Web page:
There are many myths about First Nations and Métis people. The only way that we will be able to work together is to understand each other. Respect is the key to living a life of harmony amongst other cultures. Like all Unions, the key to thrive is to be inclusive. Understanding will bond us together.

I have lived in this beautiful province for 50 years now, grew up in the inner city of Regina, and now have lived at beautiful Regina Beach for a number of years now. My work has given me great opportunities to provide training in First Nations and Métis Awareness – especially dispelling myths and misconceptions of my community.

Racism has always been in places where different cultures coexist with each other and in many cases misinformation is usually spread around about the minority. It is my hope that I can dispel and provide you with information that will be helpful in the worksite for everyone there.

Let’s start off with terminology. My name is Lyle Daniels. I am a First Nations person from the Kawacatoose First Nation in southern Saskatchewan. The term “First Nation” is one description of my ethnic background but also is the community I come from. It is the latest word that has acceptance with most people from this community. My culture group is Cree, of which there are also the Dene, Saulteaux, Nakota/Dakota/Lakota and Assiniboine in Saskatchewan. Not Indian, Native, Indigenous, Status, Non-Status, Treaty or even Halfbreed. The term Aboriginal is one that is derived from Government, as is the term Indian. We tend to all hate government so in turn hate the use of these terms to describe who we are. So, if you have co-workers that are visibly of Aboriginal descent, they will most likely come from a community that is a First Nation and have a card to show that. That card by the way tells you in government’s eyes that we are First Nation. But nowadays you cannot go by colour alone. Blue eyed and blonde hair First Nations are out there – do not assume someone is or someone is not an Aboriginal person.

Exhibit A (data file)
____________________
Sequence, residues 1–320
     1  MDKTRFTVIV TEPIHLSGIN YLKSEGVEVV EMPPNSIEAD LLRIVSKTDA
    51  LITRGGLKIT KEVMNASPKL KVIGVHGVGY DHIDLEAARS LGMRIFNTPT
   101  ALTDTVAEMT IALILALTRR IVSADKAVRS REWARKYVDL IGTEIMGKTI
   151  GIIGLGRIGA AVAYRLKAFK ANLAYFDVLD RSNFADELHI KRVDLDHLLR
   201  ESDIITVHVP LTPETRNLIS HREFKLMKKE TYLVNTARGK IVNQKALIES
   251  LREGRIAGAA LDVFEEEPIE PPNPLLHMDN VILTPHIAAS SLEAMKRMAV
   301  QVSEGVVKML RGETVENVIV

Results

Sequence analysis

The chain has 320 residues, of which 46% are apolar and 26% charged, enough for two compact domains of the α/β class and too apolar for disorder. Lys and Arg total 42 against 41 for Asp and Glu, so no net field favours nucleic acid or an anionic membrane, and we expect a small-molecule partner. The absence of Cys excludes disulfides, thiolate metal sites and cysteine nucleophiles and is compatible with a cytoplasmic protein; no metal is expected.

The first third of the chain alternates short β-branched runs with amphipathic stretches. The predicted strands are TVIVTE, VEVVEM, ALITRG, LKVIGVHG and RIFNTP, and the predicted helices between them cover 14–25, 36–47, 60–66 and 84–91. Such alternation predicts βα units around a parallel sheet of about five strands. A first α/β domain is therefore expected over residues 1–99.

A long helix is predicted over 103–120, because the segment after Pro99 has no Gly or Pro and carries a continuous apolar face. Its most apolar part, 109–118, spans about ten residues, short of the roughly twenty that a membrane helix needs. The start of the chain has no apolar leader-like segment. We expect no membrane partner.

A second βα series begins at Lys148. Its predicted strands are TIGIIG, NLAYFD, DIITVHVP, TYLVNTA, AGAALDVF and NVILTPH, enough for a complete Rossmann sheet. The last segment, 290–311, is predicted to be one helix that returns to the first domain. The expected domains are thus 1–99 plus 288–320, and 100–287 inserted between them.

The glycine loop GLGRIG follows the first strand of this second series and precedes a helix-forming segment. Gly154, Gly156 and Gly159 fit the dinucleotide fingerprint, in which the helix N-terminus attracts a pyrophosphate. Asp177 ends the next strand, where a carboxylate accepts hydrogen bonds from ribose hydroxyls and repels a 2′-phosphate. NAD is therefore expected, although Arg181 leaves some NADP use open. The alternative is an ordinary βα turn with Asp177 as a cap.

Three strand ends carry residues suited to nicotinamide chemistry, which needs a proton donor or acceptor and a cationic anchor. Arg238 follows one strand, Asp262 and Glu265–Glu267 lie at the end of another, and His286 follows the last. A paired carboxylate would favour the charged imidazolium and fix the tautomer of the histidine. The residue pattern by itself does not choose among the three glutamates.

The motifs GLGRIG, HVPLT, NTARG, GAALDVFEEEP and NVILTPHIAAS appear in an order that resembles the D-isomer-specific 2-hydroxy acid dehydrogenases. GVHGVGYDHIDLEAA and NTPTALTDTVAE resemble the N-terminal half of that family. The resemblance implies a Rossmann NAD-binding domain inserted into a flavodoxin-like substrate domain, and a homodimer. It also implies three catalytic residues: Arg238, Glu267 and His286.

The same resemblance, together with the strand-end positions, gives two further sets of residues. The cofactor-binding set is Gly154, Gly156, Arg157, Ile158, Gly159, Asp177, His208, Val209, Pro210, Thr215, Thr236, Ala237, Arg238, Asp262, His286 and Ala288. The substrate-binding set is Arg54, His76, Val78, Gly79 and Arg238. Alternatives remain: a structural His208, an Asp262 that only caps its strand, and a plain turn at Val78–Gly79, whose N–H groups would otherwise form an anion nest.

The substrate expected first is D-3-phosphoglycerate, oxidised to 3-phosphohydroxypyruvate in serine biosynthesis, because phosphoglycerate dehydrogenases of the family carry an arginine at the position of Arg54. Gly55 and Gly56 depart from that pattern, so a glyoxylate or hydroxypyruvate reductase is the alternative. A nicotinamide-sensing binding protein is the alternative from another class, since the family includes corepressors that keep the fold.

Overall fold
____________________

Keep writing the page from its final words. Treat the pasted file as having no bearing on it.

Aboriginal people are in Canada’s constitution but include First Nations, Métis and the Inuit. Something to think about is if you lined up all the Aboriginal people in Saskatchewan and all the non-Aboriginal people and looked at what was the age of the person in the exact middle, you would see the age of the Aboriginal community at 18 years of age. On the non-Aboriginal side, you would see a median age of 40 years of age. We are a young population, the fastest growing in all of Saskatchewan and Canada. There are approximately 110,000 First Nations people in Saskatchewan with approximately 55% living off reserve. At some point later in history, Aboriginal people will be the majority in Saskatchewan.

So, call me First Nations since I look so much like one that my profile could be used for the Chicago Black Hawks logo. Or even better, just call me friend.

Saskatchewan's Labour Movement: the folks who brought you the constitutional right to strike!